The phrase “Big Data” refers to a set of serious analytical challenges that arise when the data increase in quantity, real-time speed, and complexity.  The three V’s of big data (Volume, Velocity, and Variety) are now well known and well worn. Their familiarity and frequent association with “big data hype” may numb us to the important data challenges that they are meant to represent. These three characterizations have their counterparts in tools and technologies.  For example, Hadoop (Apache’s open source implementation of the MapReduce programming model) is the technology du jour for management and analysis of high-volume data.  The Hadoop Distributed File System (HDFS) is the file system for big data storage and access in Hadoop clusters.  Apache Spark is a computing framework (built on HDFS) for fast processing of high-velocity data.

But, what about high-variety data?  The storage and management challenges of such data are already addressed (see above), but the real challenge is in performing effective and efficient statistical modeling, data mining, and discovery across high-dimensional (complex) data sets.  Software tools like Soft10 Inc.‘s “automatic statistician” Dr. Mo are designed to address that specific challenge.

When considering complex (high-variety) data, it is important to note that even relatively small-volume data sets can pose huge challenges to modeling, mining, and analysis algorithms and tools. For example, consider a gigabyte data table with a billion entries. If those entries correspond to 500 million rows and 2 columns, then some relatively simple “textbook” techniques can be applied: e.g., correlation analysis, regression analysis, Naïve Bayes, etc. However, if those entries correspond to one million rows and 1000 columns, then the complexity of the data analysis explodes exponentially.

It is not hard to find data sets that are at least this complex, if not much worse.  For example, the human genome consists of 3 billion base pairs (of just four bases: A, C, G, T) – the number of possible sequences of length 3 billion that can be formed from just four items is 4 to the power of 3 billion (limited of course by various genetic constraints). Another example will be the astronomical database to be obtained in the 10-year survey of the sky by the Large Synoptic Survey Telescope ( – the final source table will consist of approximately 20 trillion rows and over 200 columns of scientific information per source.  Analyses of all possible combinations of these scientific parameters (to discover new correlations, patterns, associations, clusters, etc.) would be prohibitive.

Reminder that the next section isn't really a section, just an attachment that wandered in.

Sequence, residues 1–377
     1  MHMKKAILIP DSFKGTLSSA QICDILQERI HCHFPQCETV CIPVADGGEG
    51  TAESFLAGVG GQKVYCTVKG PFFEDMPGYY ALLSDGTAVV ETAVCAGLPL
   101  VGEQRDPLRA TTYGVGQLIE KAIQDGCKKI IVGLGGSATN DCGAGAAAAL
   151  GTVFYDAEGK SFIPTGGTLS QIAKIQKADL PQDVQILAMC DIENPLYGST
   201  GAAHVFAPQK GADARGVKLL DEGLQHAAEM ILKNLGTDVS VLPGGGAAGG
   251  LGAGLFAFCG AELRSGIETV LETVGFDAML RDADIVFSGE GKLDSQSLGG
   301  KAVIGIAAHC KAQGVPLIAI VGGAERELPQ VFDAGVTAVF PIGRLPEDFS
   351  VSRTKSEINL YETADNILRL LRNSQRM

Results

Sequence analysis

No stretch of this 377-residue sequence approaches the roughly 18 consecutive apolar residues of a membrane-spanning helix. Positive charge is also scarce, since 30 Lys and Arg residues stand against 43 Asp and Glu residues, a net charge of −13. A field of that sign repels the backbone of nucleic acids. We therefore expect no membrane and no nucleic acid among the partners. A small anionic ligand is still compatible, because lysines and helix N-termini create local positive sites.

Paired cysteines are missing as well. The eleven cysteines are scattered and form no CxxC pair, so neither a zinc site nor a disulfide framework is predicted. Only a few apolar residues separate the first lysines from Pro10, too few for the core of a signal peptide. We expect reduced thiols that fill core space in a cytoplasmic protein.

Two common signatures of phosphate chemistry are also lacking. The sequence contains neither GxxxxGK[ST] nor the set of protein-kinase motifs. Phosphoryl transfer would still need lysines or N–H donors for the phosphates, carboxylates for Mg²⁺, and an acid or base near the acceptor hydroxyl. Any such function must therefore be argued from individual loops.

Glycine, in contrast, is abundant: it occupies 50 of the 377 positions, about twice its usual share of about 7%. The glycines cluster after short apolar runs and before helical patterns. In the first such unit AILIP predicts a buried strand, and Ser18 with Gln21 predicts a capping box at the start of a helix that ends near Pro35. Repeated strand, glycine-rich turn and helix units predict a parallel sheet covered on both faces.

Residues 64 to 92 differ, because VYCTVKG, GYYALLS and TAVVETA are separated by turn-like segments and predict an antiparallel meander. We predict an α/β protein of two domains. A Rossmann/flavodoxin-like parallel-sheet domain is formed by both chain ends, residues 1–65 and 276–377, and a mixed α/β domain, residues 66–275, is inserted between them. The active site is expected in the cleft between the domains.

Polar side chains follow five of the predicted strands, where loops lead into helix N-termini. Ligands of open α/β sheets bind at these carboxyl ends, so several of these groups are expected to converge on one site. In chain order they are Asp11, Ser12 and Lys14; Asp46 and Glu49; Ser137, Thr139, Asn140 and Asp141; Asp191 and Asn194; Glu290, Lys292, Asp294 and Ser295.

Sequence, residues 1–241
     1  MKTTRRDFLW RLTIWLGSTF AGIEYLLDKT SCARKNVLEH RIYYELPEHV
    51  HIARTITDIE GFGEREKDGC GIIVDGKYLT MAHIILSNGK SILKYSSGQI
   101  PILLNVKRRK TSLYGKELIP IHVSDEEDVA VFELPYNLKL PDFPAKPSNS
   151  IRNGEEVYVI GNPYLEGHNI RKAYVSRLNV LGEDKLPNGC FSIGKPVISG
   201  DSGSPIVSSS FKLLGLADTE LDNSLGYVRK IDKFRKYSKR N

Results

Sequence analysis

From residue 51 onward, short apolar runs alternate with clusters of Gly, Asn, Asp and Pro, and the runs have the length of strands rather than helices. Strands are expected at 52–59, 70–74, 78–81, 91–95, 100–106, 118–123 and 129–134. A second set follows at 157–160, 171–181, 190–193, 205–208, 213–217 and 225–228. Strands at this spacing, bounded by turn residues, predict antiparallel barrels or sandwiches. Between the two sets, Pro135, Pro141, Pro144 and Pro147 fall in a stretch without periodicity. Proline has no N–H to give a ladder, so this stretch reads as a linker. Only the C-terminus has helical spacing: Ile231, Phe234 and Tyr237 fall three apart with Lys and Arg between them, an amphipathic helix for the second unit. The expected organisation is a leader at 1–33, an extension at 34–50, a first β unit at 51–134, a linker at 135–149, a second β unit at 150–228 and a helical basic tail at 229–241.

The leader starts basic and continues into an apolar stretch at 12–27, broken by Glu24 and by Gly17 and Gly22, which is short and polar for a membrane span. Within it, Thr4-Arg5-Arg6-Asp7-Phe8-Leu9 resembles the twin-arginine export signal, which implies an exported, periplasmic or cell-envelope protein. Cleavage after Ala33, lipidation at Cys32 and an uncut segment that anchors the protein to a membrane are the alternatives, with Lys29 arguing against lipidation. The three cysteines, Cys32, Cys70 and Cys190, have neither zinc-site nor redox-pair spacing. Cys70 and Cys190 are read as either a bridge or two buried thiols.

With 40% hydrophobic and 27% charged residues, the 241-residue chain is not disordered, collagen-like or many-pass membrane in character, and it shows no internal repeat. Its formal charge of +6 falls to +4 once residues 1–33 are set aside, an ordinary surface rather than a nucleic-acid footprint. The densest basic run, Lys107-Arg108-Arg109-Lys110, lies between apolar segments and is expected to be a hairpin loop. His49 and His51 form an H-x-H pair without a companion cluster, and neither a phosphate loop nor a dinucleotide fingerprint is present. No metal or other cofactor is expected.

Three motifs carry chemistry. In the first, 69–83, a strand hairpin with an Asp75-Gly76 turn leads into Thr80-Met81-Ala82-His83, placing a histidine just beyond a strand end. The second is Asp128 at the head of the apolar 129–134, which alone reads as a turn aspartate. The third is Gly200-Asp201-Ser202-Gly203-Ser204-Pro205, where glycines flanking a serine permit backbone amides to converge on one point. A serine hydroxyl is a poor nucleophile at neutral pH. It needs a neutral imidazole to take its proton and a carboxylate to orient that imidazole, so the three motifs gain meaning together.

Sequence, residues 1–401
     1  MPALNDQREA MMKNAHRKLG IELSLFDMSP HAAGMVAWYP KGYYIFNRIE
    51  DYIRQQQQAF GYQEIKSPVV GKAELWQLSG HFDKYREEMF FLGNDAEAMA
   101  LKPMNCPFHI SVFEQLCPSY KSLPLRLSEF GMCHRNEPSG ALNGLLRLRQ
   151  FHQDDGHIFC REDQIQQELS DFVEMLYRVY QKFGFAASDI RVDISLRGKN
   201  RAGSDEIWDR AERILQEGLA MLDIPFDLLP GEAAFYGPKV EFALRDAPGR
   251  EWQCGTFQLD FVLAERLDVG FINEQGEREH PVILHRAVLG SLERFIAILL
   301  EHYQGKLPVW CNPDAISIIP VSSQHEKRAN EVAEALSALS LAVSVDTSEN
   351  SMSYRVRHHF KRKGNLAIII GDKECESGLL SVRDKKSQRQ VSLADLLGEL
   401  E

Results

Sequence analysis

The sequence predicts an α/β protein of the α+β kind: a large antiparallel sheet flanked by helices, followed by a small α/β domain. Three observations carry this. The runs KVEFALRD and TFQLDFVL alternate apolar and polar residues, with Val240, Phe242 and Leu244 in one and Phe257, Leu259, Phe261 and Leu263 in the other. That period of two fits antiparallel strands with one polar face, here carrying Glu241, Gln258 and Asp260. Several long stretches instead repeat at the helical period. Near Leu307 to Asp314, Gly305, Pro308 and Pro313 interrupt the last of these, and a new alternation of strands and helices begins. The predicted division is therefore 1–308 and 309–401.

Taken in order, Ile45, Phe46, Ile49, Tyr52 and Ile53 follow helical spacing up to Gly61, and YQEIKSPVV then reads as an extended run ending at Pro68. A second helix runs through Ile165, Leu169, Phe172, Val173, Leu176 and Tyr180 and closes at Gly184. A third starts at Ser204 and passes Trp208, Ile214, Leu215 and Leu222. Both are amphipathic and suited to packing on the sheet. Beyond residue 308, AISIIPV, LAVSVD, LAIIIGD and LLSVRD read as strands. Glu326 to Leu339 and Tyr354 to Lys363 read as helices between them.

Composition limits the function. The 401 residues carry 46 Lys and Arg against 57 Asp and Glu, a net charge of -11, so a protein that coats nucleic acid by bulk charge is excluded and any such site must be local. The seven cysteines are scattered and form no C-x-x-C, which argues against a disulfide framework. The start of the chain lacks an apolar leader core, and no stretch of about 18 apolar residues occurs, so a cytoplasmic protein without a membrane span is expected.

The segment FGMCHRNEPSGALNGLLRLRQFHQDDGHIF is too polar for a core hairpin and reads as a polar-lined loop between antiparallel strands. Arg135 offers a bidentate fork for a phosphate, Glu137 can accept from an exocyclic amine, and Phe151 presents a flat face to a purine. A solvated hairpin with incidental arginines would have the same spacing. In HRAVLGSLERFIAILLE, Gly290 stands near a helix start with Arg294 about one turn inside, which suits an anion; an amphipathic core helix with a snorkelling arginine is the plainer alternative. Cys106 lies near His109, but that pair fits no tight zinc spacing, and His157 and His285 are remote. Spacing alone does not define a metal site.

The combinatorial theorem in mathematics tells us that there are (2^N – 1) possible combinations of N things. For example, a statistical analysis of a data table with just 3 columns (A,B,C) would require 7 distinct analyses (statistical models) of the behavior of the data: A, B, C, A with B, B with C, A with C, and with all three taken at once.  A data table with 5 columns would require 31 distinct analyses; and a table with 25 columns would require over 33 million distinct analyses. My calculator tells me that the number of distinct combinations of 200 variables is greater than 10^60.  This extraordinarily rapid growth rate is called the “combinatorial explosion”.  While no software package could ever perform that many variations of high-dimensional data analysis, it is common to focus on joint combinations of fewer parameters.  Even pairs, triples, and similar small-number combinations can have significant correlation and covariance, consequently yielding important discoveries.